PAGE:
(Aside to the internet: Sugarplum does not have a thing for Justin. She thinks he's a silly little boy who sometimes tries to impress girls by catching dragonflies - girls like dragonflies! - and then inadvertently torturing them so the girls have to watch as the dragonfly writhes and DIES IN HIS SWEATY LITTLE HANDS. Oh, the humanity.)

If something dreadful happens, we cannot just up and move. First of all, what if we move to a house that is not named Trout Towers? What if it's The Snoggery? Will people find me on the internet? Will I have to pay yet another $24.95 to register a domain?

Furthermore, we can't physically move because we have too many books. The last time we moved, the movers said "we're sorry, we didn't know about all the books. Please don't ever call us again. Also, you have a pottery problem."

So we'll just have to stick it out and you'll have to hide in your locker, same as your father.

Rule number two.
You might want to jump a little higher when I ask you for help around the house. Otherwise, I might let it slip that you still sleep in your My Little Pony pajamas.

Love you,

Sunday, October 11, 2009

Giselle, and why she should have done an online background check

I saved my program so I could tell you who was magnificent in Boston Ballet's Giselle, but then I left it in the car and there are coyotes out there, people. My love for you (and name dropping) ends at coyotes.

There were no coyotes in Giselle. Not in the original story, at least. The story's about a girl who's in love with a nobleman but she doesn't know he's a nobleman and then the hunter-dude who digs her exposes him (not literally) and she goes a little crazy and then dies. Because she died with her love unrequited, she becomes a willi in act two. Willis are spirits who live in the woods and kill men by making them dance themselves to death. Or, they are the girls from town DRESSED as spirits, who randomly kill passers-by who anger them. It didn't say this in the program, but I recognized pretty much everyone from the the first act so it must be true.

The hunter-dude is the first to die. And then the nobleman shows up and Giselle saves him by... I don't know, doing the dancing for him? Don't quote me on any of this because my program has been eaten by coyotes and I read the story a very long time ago.

I think it's a little risky for the men to show up in the woods at night, knowing about the willis and all, don't you? It's like Travis thinking his love for Old Yeller will make the foaming stop.

Boston Ballet's willis were particularly dead-looking and a little ghoulish (though lovely! please don't show up at my house and eat the cat!). There is something especially stunning about a scene that is at once beautiful and eerie (a theme which pervades our decorating sensibilities here at the Towers). Melissa Hough danced the part of Giselle and was outstanding - both dead and alive. Jaime Diaz was the scoundrel who broke her heart. Nicely done, Diaz. I don't remember who danced the Queen of the Willis, but she was splendid. The Queen of the Willis is like the Sugarplum Fairy, if the Sugarplum Fairy ever ordered her minions to kill people.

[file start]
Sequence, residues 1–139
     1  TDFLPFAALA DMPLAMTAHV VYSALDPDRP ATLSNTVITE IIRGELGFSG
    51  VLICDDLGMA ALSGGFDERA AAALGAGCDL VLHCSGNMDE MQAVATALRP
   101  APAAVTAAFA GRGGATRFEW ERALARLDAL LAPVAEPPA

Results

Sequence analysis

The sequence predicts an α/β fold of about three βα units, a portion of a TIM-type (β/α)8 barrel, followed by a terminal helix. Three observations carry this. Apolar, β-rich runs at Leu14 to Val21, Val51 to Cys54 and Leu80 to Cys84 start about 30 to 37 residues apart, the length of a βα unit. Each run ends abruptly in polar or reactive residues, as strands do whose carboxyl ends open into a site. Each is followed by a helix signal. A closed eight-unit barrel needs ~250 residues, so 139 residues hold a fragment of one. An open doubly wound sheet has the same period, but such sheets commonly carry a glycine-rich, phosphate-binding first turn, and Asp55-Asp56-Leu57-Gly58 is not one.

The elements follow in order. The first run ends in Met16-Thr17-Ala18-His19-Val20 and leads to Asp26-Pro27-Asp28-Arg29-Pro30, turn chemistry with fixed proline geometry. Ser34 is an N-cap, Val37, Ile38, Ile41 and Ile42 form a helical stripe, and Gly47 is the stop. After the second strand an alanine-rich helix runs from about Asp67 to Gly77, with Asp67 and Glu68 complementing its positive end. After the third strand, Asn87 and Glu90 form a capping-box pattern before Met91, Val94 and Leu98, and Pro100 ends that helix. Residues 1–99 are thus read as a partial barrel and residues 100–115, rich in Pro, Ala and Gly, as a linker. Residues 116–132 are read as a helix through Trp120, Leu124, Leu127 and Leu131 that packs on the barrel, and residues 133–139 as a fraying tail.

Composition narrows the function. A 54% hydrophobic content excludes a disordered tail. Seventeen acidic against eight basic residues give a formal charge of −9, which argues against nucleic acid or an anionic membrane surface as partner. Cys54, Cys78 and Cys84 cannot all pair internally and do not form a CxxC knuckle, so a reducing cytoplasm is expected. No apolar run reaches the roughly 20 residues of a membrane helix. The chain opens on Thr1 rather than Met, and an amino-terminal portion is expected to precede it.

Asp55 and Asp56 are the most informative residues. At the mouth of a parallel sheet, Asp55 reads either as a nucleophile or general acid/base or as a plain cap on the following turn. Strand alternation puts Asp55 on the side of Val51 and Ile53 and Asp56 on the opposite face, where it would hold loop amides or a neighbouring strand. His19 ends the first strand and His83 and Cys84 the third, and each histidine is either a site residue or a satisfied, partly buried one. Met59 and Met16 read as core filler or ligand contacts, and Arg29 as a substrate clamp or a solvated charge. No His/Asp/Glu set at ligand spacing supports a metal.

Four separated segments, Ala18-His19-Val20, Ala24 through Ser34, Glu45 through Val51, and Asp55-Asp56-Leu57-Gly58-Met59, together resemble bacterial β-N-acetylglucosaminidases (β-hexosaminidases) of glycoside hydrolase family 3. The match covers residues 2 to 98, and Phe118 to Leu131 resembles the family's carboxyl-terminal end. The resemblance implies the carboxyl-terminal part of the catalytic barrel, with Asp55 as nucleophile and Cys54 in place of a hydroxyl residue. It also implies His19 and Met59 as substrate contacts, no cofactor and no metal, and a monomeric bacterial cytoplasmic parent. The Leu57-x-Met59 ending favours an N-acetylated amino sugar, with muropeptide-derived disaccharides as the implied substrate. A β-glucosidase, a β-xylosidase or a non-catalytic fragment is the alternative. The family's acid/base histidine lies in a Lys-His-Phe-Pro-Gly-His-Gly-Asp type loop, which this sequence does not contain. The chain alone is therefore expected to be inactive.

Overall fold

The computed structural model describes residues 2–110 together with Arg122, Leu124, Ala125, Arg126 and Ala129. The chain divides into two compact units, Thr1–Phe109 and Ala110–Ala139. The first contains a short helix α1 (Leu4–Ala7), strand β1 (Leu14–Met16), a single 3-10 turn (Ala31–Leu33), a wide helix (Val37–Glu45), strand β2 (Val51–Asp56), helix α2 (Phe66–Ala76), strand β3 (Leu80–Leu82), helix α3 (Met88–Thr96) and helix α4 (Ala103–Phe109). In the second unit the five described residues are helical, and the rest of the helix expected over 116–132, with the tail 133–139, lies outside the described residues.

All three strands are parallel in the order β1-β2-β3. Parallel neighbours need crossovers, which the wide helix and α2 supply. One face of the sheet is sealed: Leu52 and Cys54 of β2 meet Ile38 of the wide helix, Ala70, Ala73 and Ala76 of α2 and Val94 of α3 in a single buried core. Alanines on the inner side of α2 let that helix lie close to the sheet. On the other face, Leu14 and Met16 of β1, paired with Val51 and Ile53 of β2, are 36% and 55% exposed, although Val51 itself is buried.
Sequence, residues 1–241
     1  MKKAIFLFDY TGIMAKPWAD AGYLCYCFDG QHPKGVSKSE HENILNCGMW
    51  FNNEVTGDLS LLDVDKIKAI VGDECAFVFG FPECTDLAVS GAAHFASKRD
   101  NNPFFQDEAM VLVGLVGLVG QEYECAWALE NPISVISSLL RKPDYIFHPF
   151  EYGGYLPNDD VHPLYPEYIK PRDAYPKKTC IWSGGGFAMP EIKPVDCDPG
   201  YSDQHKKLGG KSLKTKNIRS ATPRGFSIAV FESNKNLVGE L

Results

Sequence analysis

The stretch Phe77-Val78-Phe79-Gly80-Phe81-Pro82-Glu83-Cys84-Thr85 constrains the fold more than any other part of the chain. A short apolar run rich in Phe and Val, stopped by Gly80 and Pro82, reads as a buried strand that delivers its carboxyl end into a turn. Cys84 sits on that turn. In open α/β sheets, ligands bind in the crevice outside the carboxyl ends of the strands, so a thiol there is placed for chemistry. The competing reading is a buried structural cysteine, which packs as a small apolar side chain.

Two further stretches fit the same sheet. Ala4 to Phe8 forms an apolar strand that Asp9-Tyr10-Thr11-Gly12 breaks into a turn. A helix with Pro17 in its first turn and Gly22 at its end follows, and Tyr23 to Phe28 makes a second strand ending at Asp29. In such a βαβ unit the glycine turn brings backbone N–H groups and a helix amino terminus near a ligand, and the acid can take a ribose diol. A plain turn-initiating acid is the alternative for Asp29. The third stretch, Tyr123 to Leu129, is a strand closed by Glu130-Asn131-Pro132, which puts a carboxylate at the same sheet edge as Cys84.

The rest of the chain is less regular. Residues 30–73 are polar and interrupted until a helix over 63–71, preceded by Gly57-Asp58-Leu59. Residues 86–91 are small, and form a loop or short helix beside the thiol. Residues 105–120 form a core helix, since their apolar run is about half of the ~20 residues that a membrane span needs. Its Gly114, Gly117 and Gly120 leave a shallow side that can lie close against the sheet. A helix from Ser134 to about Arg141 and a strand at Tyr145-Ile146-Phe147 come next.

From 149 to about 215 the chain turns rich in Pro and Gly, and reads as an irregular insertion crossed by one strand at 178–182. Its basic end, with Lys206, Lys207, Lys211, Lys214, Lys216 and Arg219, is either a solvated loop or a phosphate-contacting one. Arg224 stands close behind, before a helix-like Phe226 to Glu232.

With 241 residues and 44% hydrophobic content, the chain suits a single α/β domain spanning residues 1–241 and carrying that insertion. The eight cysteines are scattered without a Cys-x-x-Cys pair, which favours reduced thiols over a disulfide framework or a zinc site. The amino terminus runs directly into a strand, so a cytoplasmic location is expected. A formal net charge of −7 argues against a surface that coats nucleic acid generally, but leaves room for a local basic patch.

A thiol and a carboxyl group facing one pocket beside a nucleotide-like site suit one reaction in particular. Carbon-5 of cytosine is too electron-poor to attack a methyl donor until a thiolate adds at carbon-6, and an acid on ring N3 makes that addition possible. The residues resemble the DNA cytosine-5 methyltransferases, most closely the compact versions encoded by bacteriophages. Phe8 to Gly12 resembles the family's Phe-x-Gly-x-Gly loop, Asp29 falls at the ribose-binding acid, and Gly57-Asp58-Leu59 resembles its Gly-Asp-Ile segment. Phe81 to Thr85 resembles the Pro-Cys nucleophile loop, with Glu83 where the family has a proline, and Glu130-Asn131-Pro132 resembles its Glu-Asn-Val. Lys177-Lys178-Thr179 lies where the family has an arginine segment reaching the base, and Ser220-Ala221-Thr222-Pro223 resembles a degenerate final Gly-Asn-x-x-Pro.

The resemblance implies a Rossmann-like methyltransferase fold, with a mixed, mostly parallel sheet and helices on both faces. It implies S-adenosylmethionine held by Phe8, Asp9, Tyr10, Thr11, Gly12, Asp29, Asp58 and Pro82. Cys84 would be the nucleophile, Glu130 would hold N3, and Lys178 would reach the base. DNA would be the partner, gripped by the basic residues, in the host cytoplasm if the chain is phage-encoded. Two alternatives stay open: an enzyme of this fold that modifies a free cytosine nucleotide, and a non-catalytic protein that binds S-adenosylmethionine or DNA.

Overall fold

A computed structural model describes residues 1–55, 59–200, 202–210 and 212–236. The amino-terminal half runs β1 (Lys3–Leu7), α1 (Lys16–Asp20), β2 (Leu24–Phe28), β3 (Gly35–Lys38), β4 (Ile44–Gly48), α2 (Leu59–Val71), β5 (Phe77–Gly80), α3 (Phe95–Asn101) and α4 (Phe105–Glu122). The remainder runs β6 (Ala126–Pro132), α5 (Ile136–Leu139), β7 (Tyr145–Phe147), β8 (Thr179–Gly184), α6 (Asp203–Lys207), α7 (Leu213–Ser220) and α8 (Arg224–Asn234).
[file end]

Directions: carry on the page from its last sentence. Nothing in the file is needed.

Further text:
This was the first ballet we attended in the Opera House instead of the Wang (not counting the Nutrcracker, because it doesn't count). We didn't think we'd like it because change, as you know, is bad. But then we noticed the opera house is like someone left the Wang in the dryer and we think we'll be okay with it. It's kind of cute. Also, the restrooms are more conveniently located and it's a block away from Penang.

And that, I believe, wraps up my ballet review for this evening. Goodnight, and for the love of all things holy, don't walk in the woods at night.

Thursday, October 8, 2009

the facade

This morning I told Chris I had been emailing Joey Mars. Chris (like you) said, "who's Joey Mars?" So I reminded him that Joey Mars is the artist who painted the front of Provincetown's Shop Therapy:

He's a cool dude.

"What were you emailing him about?" he asks.
"To see if he'd paint the front of Trout Towers," I answer.

One of the things I like about Chris is the look on his face when he's not sure if I'm kidding or not. If he's not careful, though, his face will freeze like that.

(I emailed Joey pictures I had of Evan Dando wearing his shirt. If there were pictures of Evan Dando wearing my shirt..... well maybe I wouldn't want it. Nevermind.)

Wednesday, October 7, 2009

the critics rave

The Midnight Gardener came by on Sunday for "Studley's Birthday Party."

Stop twitching. I used the quotes properly. It was his party in name only, as I think I only remembered to invite two of his friends and 75 of ours.

The Midnight Gardener devoted a post to us this morning and we are very flattered. He covers the whole "yeah, right, it's a party for Studley" thing. Also, "the party invitation encouraged us each to bring a dish to share…and confessed that the party had only been organized because they were out of good snacks at Trout Towers."

I'm glad people are paying attention.

But really, my favorite part was this:

"Her Troutship is smart and funny and full of clever observations on all sorts of fun things in life from the local music scene and parenting to gardening and chicken farming and hula hooping. You never know what you’ll find at Trout Towers...."

I'm smart! and funny! and full of it!

He posted some fab pictures of the bits of garden I haven't killed off yet. Really, you should march over there now and see. That's the caterer, btw, not me. I'm taller and thinner and remembered to brush my hair.